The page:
Thursday, July 6, 2017

BREAKING: Georgia Voters Will Challenge GA-6 Election Result Via Jury Trial

The following is a press release from Coalition for Good Government, issued on July 5th, 2017. The coalition's executive director is Marilyn Marks, who, as executive director of Rocky Mountain Foundation, was a primary force behind the unsuccessful lawsuit last month that sought to force the GA-6 election to be conducted on paper ballots rather than the state's dated touchscreen voting system. The Atlanta Journal-Constitution has covered the new lawsuit here.

Coalition for Good Governance and six Georgia voters filed a lawsuit July 3, alleging that numerous failures of the voting system caused an indeterminable outcome in the June 20 Special Election for Georgia’s 6th Congressional District. The lawsuit (Curling v. Kemp et al.) seeks to set aside the results of the Special Election because voting system failures created considerable doubt in the reported results. The lawsuit names Secretary of State Brian Kemp, the State Election Board, all county election officials conducting the Special Election, Kennesaw State University’s Center for Election Systems, and its director, Merle King, as defendants. The plaintiffs have requested a jury trial.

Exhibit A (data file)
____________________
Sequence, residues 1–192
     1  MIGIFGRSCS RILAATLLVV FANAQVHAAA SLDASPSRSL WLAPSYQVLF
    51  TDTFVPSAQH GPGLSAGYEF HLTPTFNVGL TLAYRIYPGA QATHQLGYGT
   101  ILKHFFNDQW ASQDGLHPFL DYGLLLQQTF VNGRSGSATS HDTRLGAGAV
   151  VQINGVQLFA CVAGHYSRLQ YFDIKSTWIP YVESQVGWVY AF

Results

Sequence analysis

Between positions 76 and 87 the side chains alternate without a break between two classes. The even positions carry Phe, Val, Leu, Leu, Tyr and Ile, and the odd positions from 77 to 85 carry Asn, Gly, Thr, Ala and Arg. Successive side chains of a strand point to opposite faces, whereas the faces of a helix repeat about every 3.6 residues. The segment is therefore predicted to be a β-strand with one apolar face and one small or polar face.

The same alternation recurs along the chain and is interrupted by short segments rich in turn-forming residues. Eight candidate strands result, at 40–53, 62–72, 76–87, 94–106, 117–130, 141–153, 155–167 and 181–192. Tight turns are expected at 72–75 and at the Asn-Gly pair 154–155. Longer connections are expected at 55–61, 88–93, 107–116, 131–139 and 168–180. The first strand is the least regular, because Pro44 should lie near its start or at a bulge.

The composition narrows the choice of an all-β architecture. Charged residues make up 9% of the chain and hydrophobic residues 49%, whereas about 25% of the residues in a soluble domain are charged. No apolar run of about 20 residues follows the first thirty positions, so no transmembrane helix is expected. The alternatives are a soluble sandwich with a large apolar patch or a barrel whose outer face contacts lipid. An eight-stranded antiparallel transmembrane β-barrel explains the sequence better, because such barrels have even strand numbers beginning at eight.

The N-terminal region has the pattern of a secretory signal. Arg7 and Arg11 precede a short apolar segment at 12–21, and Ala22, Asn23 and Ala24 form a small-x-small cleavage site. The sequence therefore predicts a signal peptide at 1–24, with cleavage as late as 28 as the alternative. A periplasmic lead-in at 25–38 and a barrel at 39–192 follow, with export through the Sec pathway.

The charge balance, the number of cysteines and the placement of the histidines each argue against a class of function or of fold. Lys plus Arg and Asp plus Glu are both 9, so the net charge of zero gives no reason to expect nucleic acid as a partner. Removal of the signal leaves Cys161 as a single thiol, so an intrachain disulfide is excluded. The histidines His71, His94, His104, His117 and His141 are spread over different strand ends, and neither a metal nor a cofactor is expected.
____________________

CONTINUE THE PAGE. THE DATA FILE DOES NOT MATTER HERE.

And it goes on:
The plaintiffs allege that the security of Georgia’s touchscreen voting system was severely compromised, violated Georgia’s election code, and cannot be legally used to conduct elections. As a result, an accurate election result could not be determined for the June 20 election. Georgia’s election code permits voters to initiate a legal challenge (an “election contest”) when irregularities or officials’ misconduct cast doubt on the reported election outcome.

Donna Curling, the lead plaintiff in the lawsuit, explained, “Georgia voters have been concerned for years about the major vulnerabilities in the un-auditable system and the very real risk of pervasive failure in an election that cannot be rectified, as we have just experienced.” She adds, “Georgians must demand that officials honor their constitutional rights to fair and legally conducted elections. This lawsuit is our next major step in that process.”

Thursday, June 22, 2017

2017 Atlanta Hawks NBA Draft Depth Chart By Jim Gaylor

For the second year in a row, my dear friend Coach Jim Gaylor keeps the tradition of the Atlanta Hawks NBA Draft Depth Chart going. Last year, Gaylor’s highest-rated available players when the Hawks picked were Skal Labissiere and DeAndre Bembry. Labissiere lasted all the way to the 28th pick but proved to be among the steals of the draft. Gaylor told me he should have been in his top three.